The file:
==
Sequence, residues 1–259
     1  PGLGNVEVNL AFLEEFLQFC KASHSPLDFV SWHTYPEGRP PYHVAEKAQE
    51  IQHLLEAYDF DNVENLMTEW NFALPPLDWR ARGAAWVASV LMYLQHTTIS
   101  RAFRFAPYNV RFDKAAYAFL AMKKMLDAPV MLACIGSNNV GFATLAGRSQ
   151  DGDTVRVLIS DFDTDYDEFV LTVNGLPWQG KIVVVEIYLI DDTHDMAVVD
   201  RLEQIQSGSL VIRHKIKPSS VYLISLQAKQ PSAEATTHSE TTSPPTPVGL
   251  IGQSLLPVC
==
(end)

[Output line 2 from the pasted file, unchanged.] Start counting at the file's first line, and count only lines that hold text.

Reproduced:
     1  PGLGNVEVNL AFLEEFLQFC KASHSPLDFV SWHTYPEGRP PYHVAEKAQE